Home rule in the United States
In the United States, home rule refers to the authority of a constituent part of a U.S. state to exercise powers of governance delegated to it by its state government. In some states, known as home rule states, the state's constitution grants municipalities and/or counties the ability to pass laws to govern themselves as they see fit (so long as they obey the state and federal constitutions). In other states, only limited authority has been granted to local governments by passage of statutes in the state legislature. In these states, a city or county must obtain permission from the state legislature if it wishes to pass a law or ordinance which is not specifically permitted under existing state legislation.
Forty of the fifty states apply the principle known as Dillon's Rule in some form to determine the bounds of a municipal government's legal authority. The National League of Cities identifies 31 Dillon's Rule states, 10 home rule states, 8 states that apply Dillon's Rule only to certain municipalities, and one state (Florida) that applies home rule to everything except taxation. Each state defines for itself what powers it will grant to local governments. Within the local sphere, there are four categories in which the state allows discretionary authority:
- Structural – power to choose the form of government, charter and enact charter revisions,
- Functional – power to exercise local self government in a broad or limited manner,
- Fiscal – authority to determine revenue sources, set tax rates, borrow funds and other related financial activities,
- Personnel – authority to set employment rules, remuneration rates, employment conditions and collective bargaining.
Home rule and Dillon's Rule states
The following chart indicates which of the 50 U.S. states are home rule states and which states obey the legal principle of Dillon's Rule for determining local government authority. A state in this chart with "Limited" home rule may grant home rule to particular cities and municipalities individually but has no constitutional amendment guaranteeing home rule. A state which is both a home rule state and a Dillon's Rule state applies Dillon's Rule to matters or governmental units not accounted for in the constitutional amendment or statutes which grant home rule.
The District of Columbia has a limited form of home rule granted by the Federal Government; see District of Columbia home rule for details.
|State||Home Rule State?||Dillon's Rule State?||Comments|
|Alabama||No||Yes||Dillon's Rule applies only to counties.|
|California||Yes||Yes||Dillon's Rule does not apply to charter cities.|
|Florida||Yes||No||Home rule specifically granted in Section 166.021(1) of Florida Statutes.|
|Georgia||Yes||Yes||Home rule specifically granted in Article IX of Georgia Constitution|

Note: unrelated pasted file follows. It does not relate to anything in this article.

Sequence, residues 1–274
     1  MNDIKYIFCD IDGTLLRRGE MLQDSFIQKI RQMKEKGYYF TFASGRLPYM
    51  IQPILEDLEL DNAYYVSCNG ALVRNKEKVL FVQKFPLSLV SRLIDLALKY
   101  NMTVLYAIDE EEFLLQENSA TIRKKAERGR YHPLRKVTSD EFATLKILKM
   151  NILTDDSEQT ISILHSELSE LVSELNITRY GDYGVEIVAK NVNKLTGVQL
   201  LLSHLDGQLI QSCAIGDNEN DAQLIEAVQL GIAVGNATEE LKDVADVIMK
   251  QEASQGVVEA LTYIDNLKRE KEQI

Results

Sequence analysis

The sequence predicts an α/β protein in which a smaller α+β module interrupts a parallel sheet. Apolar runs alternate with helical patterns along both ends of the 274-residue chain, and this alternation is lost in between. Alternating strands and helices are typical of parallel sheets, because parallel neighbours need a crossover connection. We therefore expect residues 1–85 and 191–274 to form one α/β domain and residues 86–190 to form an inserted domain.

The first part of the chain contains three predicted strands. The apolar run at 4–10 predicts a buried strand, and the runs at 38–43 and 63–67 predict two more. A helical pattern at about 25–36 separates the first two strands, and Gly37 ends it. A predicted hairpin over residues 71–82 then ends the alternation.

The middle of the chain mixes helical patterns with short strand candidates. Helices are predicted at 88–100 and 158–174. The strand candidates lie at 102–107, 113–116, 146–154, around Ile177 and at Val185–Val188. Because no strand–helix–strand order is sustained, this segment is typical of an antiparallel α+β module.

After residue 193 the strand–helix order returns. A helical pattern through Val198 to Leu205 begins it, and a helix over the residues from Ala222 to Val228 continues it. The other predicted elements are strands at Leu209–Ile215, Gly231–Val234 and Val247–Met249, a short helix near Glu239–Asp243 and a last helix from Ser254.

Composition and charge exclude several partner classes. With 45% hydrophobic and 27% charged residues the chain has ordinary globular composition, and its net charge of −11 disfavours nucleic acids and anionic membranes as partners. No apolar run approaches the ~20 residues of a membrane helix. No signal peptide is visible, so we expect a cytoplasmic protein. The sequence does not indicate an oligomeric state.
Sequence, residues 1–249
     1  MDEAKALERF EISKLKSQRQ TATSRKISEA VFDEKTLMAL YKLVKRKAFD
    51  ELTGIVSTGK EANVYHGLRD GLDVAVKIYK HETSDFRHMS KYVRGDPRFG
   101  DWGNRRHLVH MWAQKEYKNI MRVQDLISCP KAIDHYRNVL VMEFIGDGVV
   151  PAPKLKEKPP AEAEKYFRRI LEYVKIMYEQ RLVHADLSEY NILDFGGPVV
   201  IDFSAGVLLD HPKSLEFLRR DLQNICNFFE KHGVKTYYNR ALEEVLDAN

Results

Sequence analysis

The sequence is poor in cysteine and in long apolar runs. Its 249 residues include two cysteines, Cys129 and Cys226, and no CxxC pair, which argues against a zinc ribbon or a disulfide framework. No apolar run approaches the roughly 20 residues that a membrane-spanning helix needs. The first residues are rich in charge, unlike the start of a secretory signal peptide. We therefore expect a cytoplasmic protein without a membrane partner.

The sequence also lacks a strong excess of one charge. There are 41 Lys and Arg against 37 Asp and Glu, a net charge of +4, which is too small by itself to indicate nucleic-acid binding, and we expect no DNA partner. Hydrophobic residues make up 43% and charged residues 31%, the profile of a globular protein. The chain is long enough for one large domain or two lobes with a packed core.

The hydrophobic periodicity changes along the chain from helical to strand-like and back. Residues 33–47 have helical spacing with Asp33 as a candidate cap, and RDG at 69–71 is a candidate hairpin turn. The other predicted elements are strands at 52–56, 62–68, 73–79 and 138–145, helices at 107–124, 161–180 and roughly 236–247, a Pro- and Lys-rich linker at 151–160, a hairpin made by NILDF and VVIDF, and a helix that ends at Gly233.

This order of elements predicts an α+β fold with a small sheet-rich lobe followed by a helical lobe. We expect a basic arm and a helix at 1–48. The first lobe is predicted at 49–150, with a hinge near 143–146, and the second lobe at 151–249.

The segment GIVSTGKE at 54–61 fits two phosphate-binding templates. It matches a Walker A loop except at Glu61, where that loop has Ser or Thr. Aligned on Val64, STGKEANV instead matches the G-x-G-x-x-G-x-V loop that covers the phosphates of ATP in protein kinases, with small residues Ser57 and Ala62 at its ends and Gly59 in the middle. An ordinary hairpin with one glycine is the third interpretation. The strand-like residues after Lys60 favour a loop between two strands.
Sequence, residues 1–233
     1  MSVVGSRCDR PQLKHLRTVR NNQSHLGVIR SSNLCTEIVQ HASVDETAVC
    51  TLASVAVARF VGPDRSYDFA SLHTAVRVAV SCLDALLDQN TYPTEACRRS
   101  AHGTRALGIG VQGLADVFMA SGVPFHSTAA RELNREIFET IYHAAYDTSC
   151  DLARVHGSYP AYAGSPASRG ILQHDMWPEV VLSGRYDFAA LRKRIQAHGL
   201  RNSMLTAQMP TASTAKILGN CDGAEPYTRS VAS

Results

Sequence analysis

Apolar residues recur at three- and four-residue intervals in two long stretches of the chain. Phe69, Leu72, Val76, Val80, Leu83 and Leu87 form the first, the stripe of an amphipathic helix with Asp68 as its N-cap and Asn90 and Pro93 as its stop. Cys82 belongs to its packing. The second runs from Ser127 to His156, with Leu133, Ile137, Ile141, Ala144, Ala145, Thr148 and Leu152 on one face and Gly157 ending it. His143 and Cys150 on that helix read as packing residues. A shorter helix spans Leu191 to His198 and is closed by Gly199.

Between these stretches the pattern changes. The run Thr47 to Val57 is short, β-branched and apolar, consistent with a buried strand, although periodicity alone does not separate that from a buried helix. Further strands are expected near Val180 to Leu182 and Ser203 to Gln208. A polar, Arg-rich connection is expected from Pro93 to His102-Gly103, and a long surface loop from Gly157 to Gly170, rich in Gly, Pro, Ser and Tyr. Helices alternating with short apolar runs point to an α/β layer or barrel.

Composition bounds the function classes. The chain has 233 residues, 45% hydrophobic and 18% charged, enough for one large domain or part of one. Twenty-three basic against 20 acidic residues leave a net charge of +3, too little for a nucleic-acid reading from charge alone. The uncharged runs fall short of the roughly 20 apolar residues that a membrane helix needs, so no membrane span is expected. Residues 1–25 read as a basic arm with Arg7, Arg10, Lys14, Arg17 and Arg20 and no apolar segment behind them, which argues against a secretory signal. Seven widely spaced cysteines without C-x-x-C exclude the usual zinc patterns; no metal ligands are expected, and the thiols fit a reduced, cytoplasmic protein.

|Illinois||Yes||Yes||Dillon's Rule applies to municipalities not individually granted home rule.|
|Indiana||Limited||Yes||Dillon's Rule applies only to townships.|
|Kansas||Limited||Yes||Dillon's Rule does not apply to cities or counties.|
|Louisiana||Yes||Yes||Dillon's Rule only applies to charter municipalities established before 1974.|
|Michigan||Yes||Yes||Home rule applies to all cities, some villages, and two counties.|
|Nevada||No||Yes||Home rule legislation SB29 passed and gave more power to County Commissioners; the law took effect July 2015. However, local government including general improvement districts, special districts, fire districts, and school districts were not affected by this change. |
|Tennessee||Yes||Yes||Dillon's Rule applies only to non-home rule municipalities.|
|Texas||Limited||Yes||Cities may adopt home rule once their population exceeds 5,000 and the voters adopt a city charter (the provisions of which cannot be inconsistent with either the Texas Constitution or general law); if the population subsequently falls below 5,000 the charter remains in force and may be amended. Otherwise, cities with populations of 5,000 or less are governed by general law only. School districts are generally governed by general law; a district may adopt a home rule charter, but no district has chosen to do so. Counties and "special districts" (other special-purpose governmental entities besides cities and school districts) are governed solely by general law and prohibited from adopting home rule.|
|West Virginia||No*||No||Dillon's Rule was effectively abolished in the 1969 Municipal Code, §7, Article 1. *The state has conducted a home rule pilot program which is due to stop by the middle of 2019.|
- Diane Lang (December 1991). "Dillon's Rule… and the Rebirth of Home Rule" (PDF). New Mexico Municipal League. Retrieved 2016-09-05.
- "Local Government Authority". National League of Cities. Archived from the original on August 4, 2016. Retrieved August 13, 2016.
- Adam Coester (January 2004). "Dillon's Rule or Not?" (PDF). National Association of Counties. Archived from the original (PDF) on 2015-10-10. Retrieved 2010-09-07.
- "The Connecticut Constitution". Connecticut State Library. April 2011. Archived from the original on 2009-03-23. Retrieved 2011-04-06.
- http://www.statutes.legis.state.tx.us/Docs/CN/htm/CN.11.htm#11.5 Texas Constitution, Article XI, Section 5.
- http://www.statutes.legis.state.tx.us/Docs/CN/htm/CN.11.htm#11.4 Texas Constitution, Article XI, Section 4.
- http://www.statutes.legis.state.tx.us/Docs/ED/htm/ED.12.htm#B Texas Education Code, Chapter 12, Subchapter B.
- "Local Government Autonomy and the Dillon Rule in Virginia". Retrieved 2020-05-12.